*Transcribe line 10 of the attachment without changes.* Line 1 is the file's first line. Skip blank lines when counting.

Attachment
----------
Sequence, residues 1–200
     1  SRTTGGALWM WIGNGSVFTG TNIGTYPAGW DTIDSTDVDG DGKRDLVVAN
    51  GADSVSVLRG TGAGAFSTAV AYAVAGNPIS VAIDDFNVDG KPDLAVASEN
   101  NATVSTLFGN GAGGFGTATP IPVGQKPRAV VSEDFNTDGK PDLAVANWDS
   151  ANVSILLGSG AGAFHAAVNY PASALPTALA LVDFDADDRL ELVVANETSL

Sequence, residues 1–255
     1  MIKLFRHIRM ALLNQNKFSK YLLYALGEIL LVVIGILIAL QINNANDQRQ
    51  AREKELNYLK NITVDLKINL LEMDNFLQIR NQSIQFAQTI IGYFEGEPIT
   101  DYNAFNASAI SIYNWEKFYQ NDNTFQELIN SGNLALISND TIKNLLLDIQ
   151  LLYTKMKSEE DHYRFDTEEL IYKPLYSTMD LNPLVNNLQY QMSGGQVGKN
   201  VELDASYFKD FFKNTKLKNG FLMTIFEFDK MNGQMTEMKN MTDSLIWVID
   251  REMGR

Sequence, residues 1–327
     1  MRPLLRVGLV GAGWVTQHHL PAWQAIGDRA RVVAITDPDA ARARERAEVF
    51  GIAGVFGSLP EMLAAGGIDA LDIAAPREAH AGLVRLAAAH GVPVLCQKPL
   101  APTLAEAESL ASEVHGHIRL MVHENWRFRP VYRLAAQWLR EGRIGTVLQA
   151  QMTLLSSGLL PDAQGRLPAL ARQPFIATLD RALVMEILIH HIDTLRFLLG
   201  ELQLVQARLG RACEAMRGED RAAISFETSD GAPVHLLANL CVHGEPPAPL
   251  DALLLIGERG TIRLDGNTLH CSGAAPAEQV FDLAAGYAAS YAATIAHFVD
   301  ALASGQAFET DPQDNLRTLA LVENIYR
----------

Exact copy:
   151  LLYTKMKSEE DHYRFDTEEL IYKPLYSTMD LNPLVNNLQY QMSGGQVGKN